The Yemeni branch of al Qaeda “is stronger than it has ever been,” according to a report last month from the International Crisis Group. AQAP has thrived on the civil war, taking advantage of wartime smuggling, a growing security vacuum, and sectarian fears between the Shiite Houthis and the Sunni supporters of Hadi, it said.

The group “remains a potent and dangerous enemy,” said a U.S. intelligence official, who was not authorized to be quoted by name. “Internal turmoil in Yemen has not distracted AQAP from its longstanding interest in attacking the West.”

The challenge for the new administration is trying to counter AQAP even as the devilishly complicated civil war rages amid a growing humanitarian crisis.

The Obama administration tried to help broker a peace settlement in Yemen but got nowhere, as both sides in the conflict appeared to be gambling on winning on the battlefield. Much of the policy discussions in the Obama White House on Yemen were consumed by questions about humanitarian relief, former officials said.

The debates frustrated some military planners who felt that gains had to be made in the counterterrorism fight before more humanitarian aid could begin to flow into the country. But opening up a wider bombing campaign against AQAP while ignoring what one Pentagon official called Saudi Arabia’s “incompetently run and tragic campaign against the Houthis” carries its own set of risks.

More airstrikes, which could cause more civilian casualties, may fuel the resentment of local groups that have forged alliances of convenience with AQAP or other armed groups and harden grievances that have fed the violence.

In a sign the administration could be ready to bolster support for the Saudi-led war effort, the State Department has approved the sale of precision-guided munitions to Riyadh, officials said. The White House has yet to make a final decision on the sale. The proposal, first reported by the Washington Post, would reverse the previous administration’s policy that had suspended the sales amid concerns about a rising civilian death toll from coalition air raids.

If the new administration further expands the U.S. military’s role, including bolstering assistance to Saudi Arabia’s coalition, which has faced widespread condemnation for its bombing of civilian targets, analysts and former officials said it could find itself drawn into a quagmire.

“This is not a place where we can have a glorious little war. If we have a war in Yemen, it will be nasty and it will be bloody,” a former Pentagon official said.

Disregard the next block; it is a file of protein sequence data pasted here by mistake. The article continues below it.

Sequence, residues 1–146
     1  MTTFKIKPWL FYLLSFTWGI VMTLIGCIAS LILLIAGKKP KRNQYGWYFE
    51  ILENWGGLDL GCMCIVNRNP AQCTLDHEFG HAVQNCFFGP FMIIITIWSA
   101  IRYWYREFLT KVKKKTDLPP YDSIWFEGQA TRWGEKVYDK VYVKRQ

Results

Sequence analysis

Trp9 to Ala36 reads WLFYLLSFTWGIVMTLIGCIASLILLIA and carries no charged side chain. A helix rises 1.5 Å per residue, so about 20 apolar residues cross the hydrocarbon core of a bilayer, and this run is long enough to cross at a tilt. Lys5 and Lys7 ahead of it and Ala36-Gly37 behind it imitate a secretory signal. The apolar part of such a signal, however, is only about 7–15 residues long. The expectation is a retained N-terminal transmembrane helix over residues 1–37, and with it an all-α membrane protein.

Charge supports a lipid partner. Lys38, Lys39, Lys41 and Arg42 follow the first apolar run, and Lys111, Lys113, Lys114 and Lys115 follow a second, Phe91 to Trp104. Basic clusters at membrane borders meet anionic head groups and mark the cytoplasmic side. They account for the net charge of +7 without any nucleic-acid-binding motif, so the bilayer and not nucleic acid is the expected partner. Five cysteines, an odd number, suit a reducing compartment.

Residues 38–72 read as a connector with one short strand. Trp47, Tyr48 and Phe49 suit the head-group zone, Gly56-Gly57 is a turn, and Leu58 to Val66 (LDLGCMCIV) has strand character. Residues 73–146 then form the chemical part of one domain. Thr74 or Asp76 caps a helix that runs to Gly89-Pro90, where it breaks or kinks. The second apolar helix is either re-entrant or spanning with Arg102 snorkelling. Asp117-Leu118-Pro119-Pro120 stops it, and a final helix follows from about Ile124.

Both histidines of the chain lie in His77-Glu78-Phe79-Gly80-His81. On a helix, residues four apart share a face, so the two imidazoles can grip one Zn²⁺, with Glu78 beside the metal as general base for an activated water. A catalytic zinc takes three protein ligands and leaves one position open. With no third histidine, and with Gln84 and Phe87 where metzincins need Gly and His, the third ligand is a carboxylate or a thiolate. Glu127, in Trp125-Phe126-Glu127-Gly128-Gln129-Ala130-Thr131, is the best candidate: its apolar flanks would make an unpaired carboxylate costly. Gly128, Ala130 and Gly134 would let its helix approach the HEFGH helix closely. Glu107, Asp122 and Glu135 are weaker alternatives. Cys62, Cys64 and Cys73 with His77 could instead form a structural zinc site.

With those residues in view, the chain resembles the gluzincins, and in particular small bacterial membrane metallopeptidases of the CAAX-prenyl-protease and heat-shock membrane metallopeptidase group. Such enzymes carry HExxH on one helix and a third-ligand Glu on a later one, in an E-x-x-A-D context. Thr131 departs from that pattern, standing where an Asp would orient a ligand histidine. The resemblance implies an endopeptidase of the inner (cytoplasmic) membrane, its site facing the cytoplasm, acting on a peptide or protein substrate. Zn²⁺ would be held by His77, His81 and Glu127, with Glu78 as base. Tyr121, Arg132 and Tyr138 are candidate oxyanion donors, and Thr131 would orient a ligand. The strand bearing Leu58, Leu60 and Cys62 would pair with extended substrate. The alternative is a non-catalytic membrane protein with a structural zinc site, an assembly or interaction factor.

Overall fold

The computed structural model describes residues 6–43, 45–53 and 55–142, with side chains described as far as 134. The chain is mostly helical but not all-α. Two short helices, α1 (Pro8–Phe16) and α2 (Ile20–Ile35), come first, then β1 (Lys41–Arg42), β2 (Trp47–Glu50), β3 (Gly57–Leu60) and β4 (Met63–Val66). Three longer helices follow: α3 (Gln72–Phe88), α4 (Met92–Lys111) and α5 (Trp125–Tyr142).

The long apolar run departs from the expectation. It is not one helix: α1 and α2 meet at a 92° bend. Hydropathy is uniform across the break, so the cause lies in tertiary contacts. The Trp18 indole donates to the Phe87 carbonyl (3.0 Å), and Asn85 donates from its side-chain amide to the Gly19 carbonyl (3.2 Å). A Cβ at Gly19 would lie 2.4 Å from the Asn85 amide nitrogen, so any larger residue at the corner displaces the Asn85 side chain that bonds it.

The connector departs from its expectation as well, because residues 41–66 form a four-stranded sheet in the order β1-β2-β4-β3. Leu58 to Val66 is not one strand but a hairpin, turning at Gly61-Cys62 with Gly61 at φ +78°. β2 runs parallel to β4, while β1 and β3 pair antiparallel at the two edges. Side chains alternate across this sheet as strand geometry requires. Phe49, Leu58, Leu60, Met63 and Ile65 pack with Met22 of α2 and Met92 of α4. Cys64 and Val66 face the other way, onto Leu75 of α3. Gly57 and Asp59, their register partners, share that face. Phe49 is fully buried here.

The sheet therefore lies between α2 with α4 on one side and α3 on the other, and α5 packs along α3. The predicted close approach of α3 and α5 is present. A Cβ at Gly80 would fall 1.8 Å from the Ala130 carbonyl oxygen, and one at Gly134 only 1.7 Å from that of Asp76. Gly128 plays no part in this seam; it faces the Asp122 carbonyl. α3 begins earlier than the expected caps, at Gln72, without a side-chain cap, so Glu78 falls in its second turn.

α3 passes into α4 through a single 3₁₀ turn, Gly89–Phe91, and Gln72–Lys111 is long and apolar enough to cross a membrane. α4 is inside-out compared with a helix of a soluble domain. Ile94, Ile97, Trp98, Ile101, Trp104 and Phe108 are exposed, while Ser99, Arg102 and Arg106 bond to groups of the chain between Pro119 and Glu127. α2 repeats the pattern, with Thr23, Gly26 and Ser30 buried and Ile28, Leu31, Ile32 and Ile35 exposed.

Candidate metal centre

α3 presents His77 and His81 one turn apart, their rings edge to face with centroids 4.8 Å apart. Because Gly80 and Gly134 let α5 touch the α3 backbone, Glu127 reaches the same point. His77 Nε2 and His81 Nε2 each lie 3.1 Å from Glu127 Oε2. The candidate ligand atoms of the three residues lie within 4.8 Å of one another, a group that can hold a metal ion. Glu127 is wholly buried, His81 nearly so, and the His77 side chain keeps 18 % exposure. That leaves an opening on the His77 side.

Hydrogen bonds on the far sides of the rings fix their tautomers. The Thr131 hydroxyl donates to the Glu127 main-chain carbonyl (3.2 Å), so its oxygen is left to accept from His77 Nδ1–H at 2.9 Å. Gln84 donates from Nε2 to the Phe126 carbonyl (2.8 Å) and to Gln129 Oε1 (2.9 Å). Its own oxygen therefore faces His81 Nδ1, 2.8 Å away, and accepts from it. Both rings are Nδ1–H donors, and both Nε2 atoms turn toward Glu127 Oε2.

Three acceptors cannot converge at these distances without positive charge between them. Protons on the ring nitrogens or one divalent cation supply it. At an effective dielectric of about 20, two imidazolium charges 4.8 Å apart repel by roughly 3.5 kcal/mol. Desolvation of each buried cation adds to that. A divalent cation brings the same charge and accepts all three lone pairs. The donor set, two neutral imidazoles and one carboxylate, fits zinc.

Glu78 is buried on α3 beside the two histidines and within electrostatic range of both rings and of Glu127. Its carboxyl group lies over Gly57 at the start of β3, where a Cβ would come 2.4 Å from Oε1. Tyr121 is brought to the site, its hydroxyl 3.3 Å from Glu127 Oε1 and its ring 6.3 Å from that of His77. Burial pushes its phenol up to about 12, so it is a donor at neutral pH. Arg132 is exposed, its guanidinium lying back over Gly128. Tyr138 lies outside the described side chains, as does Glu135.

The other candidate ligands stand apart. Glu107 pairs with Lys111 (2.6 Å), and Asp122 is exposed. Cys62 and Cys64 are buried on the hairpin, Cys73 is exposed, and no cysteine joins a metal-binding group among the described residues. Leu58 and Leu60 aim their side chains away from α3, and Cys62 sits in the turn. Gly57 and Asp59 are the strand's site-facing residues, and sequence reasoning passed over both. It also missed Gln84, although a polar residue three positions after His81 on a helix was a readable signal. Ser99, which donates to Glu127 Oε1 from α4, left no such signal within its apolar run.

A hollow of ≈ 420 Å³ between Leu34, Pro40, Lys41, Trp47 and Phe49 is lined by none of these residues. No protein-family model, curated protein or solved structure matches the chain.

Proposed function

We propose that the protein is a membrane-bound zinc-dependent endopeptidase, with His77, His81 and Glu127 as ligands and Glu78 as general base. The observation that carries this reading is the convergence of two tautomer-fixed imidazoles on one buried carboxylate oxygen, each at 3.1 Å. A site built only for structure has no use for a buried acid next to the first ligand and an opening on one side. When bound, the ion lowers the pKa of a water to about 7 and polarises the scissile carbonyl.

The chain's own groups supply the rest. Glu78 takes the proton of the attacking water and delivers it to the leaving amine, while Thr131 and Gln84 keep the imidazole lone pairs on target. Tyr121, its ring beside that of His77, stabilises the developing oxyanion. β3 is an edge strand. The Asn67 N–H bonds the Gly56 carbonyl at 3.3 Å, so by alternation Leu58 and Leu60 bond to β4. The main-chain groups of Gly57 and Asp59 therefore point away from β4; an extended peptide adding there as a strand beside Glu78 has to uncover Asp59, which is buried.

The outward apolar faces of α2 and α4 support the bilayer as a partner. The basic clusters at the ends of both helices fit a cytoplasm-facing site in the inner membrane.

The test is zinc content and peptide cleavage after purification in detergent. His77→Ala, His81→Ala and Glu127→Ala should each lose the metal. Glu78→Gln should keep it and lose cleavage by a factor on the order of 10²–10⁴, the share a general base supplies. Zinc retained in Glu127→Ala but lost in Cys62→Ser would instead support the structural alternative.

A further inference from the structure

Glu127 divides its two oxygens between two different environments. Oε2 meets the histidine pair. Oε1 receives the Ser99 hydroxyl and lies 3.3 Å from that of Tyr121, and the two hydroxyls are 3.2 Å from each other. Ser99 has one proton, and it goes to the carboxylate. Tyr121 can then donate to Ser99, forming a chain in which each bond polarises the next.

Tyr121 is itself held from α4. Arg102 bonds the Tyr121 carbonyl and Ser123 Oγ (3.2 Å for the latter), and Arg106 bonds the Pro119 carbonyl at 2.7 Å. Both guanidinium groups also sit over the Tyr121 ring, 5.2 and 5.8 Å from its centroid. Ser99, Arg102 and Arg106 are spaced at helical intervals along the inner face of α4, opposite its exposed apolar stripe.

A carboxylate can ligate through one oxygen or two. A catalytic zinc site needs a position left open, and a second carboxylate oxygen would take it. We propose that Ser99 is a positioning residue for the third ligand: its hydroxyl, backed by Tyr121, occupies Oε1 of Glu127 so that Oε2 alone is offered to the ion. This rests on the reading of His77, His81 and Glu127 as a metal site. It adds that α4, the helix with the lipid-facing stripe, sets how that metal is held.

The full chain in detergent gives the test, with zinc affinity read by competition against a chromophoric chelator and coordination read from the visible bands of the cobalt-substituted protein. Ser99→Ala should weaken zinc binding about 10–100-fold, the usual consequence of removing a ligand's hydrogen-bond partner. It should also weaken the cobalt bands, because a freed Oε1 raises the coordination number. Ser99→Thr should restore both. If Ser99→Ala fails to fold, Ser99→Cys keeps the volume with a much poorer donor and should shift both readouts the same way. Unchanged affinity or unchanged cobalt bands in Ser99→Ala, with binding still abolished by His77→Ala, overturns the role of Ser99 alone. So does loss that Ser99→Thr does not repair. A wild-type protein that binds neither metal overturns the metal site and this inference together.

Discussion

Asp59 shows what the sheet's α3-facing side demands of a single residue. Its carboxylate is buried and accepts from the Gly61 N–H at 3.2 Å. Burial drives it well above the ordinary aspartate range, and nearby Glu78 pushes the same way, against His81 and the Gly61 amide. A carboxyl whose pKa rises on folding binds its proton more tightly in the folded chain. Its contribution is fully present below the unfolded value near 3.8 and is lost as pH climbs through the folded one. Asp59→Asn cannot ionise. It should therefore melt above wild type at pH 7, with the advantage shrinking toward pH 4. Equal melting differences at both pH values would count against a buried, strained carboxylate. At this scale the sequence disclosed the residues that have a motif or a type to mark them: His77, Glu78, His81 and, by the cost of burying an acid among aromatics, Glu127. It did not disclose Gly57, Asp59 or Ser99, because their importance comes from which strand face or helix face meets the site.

The latest round of U.S. strikes was presaged by a Jan. 29 assault by a Navy SEAL team fighting alongside commandos from the United Arab Emirates on an AQAP compound, during which a furious counterattack by the terrorist group left one SEAL dead, several injured, and led to claims of multiple civilians killed. The Pentagon says it is investigating the reports of civilian casualties. While the raid picked up valuable intelligence on the group, Defense officials have said they’re still poring over the data, and it has not yet informed their operations in any significant way.

The precision airstrikes have taken out several key AQAP leaders, including former Guantánamo Bay detainee Yasir al-Silmi, who was repatriated to Yemen in 2009. The pace of the attacks also indicate that they had been in the works for some time. Pentagon spokesman Capt. Jeff Davis told reporters last week, “This goes to a plan and a thought process that is developed over many months that goes well back into last year where our commanders on the ground began to develop this proposal to do this.”

The United States has some help on the ground as well. One major blow for AQAP came last April, when government troops and forces from the United Arab Emirates pushed the militants out of the port city of Mukalla. The group had been making millions of dollars a month controlling the port and taxing citizens.

Since then, Emirati commandos have taken the lead in the counterterrorism effort in the country. Forces backed by the United Arab Emirates have pushed forward along the coastline, where they have taken control of the Balhaf natural gas facility. Experts say they could eventually move north in an attempt to push AQAP from areas it controls.

That would start to roll back some of the gains AQAP has made since the war began, gains fueled by Saudi Arabia’s intervention. The Saudi-led coalition’s “almost single-minded focus” on defeating the Houthi rebels has been a boon to AQAP, which has gotten its hands on weapons supplied by the Saudi coalition and cash from robbing banks, the International Crisis Group’s report said.

Photo credit: MOHD RASFAN/AFP/Getty Images

Dan De Luce is Foreign Policy’s chief national security correspondent. @dandeluce

Paul McLeary is Foreign Policy’s senior reporter covering the U.S. Defense Department and national security issues. @paulmcleary